Few of the 23 civilian Chief Financial Officers Act agencies had implemented seven selected foundational practices for managing information and communications technology (ICT) supply chain risks. Supply chain risk management (SCRM) is the process of identifying, assessing, and mitigating the risks associated with the global and distributed nature of ICT product and service supply chains. Many of the manufacturing inputs for these ICT products and services originate from a variety of sources throughout the world. (See figure 1.) Figure 1: Examples of Locations of Manufacturers or Suppliers of Information and Communications Technology Products and Services None of the 23 agencies fully implemented all of the SCRM practices and 14 of the 23 agencies had not implemented any of the practices. The practice with the highest rate of implementation was implemented by only six agencies. Conversely, none of the other practices were implemented by more than three agencies. Moreover, one practice had not been implemented by any of the agencies. (See figure 2.) Figure 2: Extent to Which the 23 Civilian Chief Financial Officers Act Agencies Implemented Information and Communications Technology (ICT) Supply Chain Risk Management (SCRM) Practices As a result of these weaknesses, these agencies are at a greater risk that malicious actors could exploit vulnerabilities in the ICT supply chain causing disruption to mission operations, harm to individuals, or theft of intellectual property. For example, without establishing executive oversight of SCRM activities, agencies are limited in their ability to make risk decisions across the organization about how to most effectively secure their ICT product and service supply chains. Moreover, agencies lack the ability to understand and manage risk and reduce the likelihood that adverse events will occur without reasonable visibility and traceability into supply chains. Officials from the 23 agencies cited various factors that limited their implementation of the foundational practices for managing supply chain risks. The most commonly cited factor was the lack of federal SCRM guidance. For example, several agencies reported that they were waiting for federal guidance to be issued from the Federal Acquisition Security Council—a cross-agency group responsible for providing direction and guidance to executive agencies to reduce their supply chain risks—before implementing one or more of the foundational practices. According to Office of Management and Budget (OMB) officials, the council expects to complete this effort by December 2020. While the additional direction and guidance from the council could further assist agencies with the implementation of these practices, federal agencies currently have guidance to assist with managing their ICT supply chain risks. Specifically, the National Institute of Standards and Technology (NIST) issued ICT SCRM-specific guidance in 2015 and OMB has required agencies to implement ICT SCRM since 2016. Until agencies implement all of the foundational ICT SCRM practices, they will be limited in their ability to address supply chain risks across their organizations effectively. Federal agencies rely extensively on ICT products and services (e.g., computing systems, software, and networks) to carry out their operations. However, agencies face numerous ICT supply chain risks, including threats posed by counterfeiters who may exploit vulnerabilities in the supply chain and, thus, compromise the confidentiality, integrity, or availability of an organization's systems and the information they contain. For example, in September 2019, the Department of Homeland Security's Cybersecurity and Infrastructure Security Agency reported that federal agencies faced approximately 180 different ICT supply chain-related threats. To address threats such as these, agencies must make risk-based ICT supply chain decisions about how to secure their systems. GAO was asked to conduct a review of federal agencies' ICT SCRM practices. The specific objective was to determine the extent to which federal agencies have implemented foundational ICT SCRM practices. To do so, GAO identified seven practices from NIST guidance that are foundational for an organization-wide approach to ICT SCRM and compared them to policies, procedures, and other documentation from the 23 civilian Chief Financial Officers Act agencies. This is a public version of a sensitive report that GAO issued in October 2020. Information that agencies deemed sensitive was omitted and GAO substituted numeric identifiers that were randomly assigned for the names of the agencies due to sensitivity concerns. The foundational practices comprising ICT SCRM are: establishing executive oversight of ICT activities, including designating responsibility for leading agency-wide SCRM activities; developing an agency-wide ICT SCRM strategy for providing the organizational context in which risk-based decisions will be made; establishing an approach to identify and document agency ICT supply chain(s); establishing a process to conduct agency-wide assessments of ICT supply chain risks that identify, aggregate, and prioritize ICT supply chain risks that are present across the organization; establishing a process to conduct a SCRM review of a potential supplier that may include reviews of the processes used by suppliers to design, develop, test, implement, verify, deliver, and support ICT products and services; developing organizational ICT SCRM requirements for suppliers to ensure that suppliers are adequately addressing risks associated with ICT products and services; and developing organizational procedures to detect counterfeit and compromised ICT products prior to their deployment. GAO also interviewed relevant agency officials. In the sensitive report, GAO made a total of 145 recommendations to the 23 agencies to fully implement foundational practices in their organization-wide approaches to ICT SCRM. Of the 23 agencies, 17 agreed with all of the recommendations made to them; two agencies agreed with most, but not all of the recommendations; one agency disagreed with all of the recommendations; two agencies neither agreed nor disagreed with the recommendations, but stated they would address them; and one agency had no comments. GAO continues to believe that all of the recommendations are warranted, as discussed in the sensitive report. For more information, contact Carol C. Harris at (202) 512-4456 or harrisCC@gao.gov.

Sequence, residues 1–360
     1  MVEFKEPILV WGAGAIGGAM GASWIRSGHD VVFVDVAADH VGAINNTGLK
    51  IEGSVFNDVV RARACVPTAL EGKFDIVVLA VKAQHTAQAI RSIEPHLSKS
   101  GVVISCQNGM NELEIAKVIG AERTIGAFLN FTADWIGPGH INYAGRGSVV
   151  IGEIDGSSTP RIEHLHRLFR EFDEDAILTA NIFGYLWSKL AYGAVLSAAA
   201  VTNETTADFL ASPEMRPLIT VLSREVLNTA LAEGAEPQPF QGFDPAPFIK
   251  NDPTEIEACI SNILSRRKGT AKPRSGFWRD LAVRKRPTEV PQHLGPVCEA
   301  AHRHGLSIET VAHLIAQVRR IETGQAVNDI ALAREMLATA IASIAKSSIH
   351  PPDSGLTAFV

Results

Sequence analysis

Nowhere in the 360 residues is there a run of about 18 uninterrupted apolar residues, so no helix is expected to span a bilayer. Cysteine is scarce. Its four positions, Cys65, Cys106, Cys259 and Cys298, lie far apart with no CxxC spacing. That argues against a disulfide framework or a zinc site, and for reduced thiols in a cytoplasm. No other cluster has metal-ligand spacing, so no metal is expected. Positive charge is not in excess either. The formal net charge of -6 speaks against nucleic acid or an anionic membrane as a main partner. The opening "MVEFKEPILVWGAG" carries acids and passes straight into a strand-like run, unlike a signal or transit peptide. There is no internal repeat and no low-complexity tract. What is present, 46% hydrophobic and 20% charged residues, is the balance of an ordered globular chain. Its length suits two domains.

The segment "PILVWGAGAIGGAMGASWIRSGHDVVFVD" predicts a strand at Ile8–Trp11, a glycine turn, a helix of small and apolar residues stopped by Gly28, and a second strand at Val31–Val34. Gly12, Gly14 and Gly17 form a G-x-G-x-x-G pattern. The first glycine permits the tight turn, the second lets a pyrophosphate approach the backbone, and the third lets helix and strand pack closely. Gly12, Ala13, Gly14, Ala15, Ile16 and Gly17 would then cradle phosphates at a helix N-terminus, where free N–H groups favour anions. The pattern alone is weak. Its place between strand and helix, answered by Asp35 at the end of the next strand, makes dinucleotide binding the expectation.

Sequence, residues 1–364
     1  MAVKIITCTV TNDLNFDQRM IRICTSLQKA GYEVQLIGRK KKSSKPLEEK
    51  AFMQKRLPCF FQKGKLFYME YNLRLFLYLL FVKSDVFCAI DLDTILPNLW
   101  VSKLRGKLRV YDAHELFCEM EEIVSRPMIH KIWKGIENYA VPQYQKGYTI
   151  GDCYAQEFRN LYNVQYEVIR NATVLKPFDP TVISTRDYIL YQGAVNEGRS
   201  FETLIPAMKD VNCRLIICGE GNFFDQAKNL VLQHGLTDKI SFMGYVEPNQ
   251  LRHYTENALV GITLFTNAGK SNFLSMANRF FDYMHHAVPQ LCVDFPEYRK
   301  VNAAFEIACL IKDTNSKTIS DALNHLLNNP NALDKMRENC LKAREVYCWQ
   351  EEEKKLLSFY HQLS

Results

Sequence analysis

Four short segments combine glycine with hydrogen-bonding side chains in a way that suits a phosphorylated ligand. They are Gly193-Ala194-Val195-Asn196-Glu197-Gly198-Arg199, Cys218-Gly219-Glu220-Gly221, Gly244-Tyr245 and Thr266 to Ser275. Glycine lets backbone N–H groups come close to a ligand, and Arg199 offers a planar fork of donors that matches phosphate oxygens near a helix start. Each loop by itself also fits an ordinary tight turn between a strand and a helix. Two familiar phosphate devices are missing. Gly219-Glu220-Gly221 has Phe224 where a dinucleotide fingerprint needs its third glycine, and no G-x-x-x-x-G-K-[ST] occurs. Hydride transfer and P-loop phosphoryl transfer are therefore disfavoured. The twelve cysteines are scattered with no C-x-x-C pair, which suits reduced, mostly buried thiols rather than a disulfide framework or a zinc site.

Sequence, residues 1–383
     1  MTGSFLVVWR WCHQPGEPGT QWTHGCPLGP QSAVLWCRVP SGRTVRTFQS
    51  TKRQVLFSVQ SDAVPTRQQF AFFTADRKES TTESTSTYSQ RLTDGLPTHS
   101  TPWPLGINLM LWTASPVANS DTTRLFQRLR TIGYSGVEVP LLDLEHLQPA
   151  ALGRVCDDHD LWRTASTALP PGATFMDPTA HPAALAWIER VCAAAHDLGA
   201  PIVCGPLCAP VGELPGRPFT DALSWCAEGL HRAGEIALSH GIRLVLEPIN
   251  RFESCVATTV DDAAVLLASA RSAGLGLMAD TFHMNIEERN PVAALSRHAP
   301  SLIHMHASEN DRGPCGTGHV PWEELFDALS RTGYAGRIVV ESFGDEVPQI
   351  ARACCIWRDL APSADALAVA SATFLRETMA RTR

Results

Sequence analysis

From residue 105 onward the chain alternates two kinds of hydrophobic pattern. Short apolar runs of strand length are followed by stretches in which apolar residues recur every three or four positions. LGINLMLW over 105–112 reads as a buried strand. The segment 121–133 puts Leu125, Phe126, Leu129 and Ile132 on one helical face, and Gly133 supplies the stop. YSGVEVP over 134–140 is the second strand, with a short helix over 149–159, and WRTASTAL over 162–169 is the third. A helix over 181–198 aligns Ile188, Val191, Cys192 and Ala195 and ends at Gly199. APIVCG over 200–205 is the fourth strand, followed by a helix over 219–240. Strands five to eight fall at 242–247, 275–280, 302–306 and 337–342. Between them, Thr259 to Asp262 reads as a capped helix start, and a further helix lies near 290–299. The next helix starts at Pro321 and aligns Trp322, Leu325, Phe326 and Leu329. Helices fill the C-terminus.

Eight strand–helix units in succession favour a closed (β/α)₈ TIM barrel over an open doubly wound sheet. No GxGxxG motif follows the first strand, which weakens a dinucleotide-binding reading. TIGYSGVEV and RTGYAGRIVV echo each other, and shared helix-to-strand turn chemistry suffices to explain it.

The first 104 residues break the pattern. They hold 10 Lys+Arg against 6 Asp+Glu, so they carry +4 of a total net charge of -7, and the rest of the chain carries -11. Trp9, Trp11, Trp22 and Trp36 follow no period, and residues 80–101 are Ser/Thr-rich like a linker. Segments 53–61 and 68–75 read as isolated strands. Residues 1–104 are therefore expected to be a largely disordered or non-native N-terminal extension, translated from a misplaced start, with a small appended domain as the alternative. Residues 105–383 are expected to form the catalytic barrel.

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    In Crime Control and Security News